Resettling: Congolese refugees in the Ozarks

Springfield, Missouri is home to dozens of Congolese refugees seeking to start a new life after fleeing a brutal civil war. The series "Resettling" investigates the unique health, economic and social challenges to refugee resettlement in the Ozarks.

The series is reported by Missouri State University journalism students as part of their International Reporting class, taught by KSMU contributor and MSU Journalist-in-Residence Jennifer Moore.  "Resettling"  will air on Ozarks Public Radio May 30, 31, and June 1 at 7:45 AM, and will be archived below.

Key to a Refugee's Upward Mobility: The English Language

Jun 1, 2017

Claude Douhendwa is making his way through the buffet line at his church in Springfield. He made a good living as a woodworker in the Democratic Republic of the Congo.

But just as he was establishing himself as a young adult, varying ethnic and political groups were sparring for power.

Claude, his wife, and their two young children found themselves caught in the crossfire.  They fled to a nearby forest, where they hid from rebel fighters.  

Churches, Volunteer Groups Help Refugees Stave off Loneliness

May 31, 2017

Imagine leaving all of your friends, relatives and colleagues behind and fleeing to a safe place—where you don’t know a soul.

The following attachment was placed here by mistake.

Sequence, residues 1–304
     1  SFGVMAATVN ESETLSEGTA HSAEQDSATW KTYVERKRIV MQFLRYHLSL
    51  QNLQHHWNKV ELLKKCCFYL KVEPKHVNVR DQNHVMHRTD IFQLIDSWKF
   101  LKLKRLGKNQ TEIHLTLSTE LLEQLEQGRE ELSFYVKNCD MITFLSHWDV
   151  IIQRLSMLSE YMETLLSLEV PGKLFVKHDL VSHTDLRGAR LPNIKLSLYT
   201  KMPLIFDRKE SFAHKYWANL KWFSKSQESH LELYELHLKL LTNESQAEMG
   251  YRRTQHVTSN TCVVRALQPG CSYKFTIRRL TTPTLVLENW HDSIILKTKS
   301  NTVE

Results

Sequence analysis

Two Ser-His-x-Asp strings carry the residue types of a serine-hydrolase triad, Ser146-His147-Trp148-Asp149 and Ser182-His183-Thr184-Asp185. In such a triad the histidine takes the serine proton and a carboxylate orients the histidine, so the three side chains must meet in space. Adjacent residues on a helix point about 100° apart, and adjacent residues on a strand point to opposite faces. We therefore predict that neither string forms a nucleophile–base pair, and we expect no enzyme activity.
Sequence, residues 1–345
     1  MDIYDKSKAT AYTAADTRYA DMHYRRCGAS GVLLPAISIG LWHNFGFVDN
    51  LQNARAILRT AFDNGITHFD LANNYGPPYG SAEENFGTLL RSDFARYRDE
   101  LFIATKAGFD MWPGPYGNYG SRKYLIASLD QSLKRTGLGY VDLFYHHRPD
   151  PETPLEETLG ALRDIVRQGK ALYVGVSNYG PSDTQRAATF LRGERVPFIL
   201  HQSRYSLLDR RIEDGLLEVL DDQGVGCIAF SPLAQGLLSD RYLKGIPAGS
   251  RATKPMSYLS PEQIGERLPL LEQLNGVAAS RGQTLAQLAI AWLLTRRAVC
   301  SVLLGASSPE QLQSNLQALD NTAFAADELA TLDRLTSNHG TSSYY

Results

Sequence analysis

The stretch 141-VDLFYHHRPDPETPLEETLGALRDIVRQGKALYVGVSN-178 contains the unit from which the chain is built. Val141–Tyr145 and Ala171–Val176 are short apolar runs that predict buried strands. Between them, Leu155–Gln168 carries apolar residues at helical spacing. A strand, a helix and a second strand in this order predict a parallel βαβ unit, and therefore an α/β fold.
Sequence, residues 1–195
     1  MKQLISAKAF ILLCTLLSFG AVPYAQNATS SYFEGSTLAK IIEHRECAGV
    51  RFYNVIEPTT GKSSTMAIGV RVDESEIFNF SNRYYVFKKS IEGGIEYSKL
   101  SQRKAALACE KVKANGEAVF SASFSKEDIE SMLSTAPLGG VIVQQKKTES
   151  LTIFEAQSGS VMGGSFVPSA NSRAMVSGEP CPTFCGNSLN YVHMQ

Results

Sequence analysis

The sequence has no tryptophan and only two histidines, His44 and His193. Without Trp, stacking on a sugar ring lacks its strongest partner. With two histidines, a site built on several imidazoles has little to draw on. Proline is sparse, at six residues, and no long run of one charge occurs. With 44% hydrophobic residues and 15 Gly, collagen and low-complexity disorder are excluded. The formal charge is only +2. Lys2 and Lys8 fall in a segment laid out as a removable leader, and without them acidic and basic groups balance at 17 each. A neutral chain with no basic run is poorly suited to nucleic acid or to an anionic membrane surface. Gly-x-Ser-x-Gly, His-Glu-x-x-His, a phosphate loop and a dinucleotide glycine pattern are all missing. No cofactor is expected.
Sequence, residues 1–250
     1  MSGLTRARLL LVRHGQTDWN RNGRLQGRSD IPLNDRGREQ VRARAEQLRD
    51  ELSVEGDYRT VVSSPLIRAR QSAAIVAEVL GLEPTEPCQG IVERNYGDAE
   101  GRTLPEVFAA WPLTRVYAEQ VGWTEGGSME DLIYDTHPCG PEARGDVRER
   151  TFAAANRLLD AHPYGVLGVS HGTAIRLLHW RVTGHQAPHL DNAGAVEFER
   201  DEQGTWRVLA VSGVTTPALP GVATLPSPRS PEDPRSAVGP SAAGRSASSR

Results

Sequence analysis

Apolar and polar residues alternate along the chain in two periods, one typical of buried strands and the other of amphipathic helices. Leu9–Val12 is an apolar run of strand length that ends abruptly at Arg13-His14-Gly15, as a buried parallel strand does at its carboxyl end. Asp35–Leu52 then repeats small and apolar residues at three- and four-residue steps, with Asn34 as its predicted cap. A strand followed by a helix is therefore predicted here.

Pascal Nzabahanai knows that scenario well. Three months ago, he fled violence and instability in his home country, the Democratic Republic of the Congo. He’s a refugee.

We met Pascal at his rental home in Springfield.

“It’s like starting a new life, you have no anything, you have no money. You don’t have any way to shop,” Nzabahanai said.

When refugees first arrive in their new country, they often feel disoriented and lonely.

Refugees of Congolese War Navigate Life After Trauma

May 30, 2017

In the crowded lobby of Life 360 Church in Springfield, Esther Faida, a 28-year-old Congolese refugee, is keeping an eye on her young daughter.

Esther’s journey to the Ozarks started in a war zone. 

A former seamstress, she lived and worked in the capital city of South Kivu, where the conflict between ethnic and rebel groups has forced entire communities from their homes.

Esther, her husband and two small children had been living in war zone since 1998. Bloodshed, fear and instability became routine.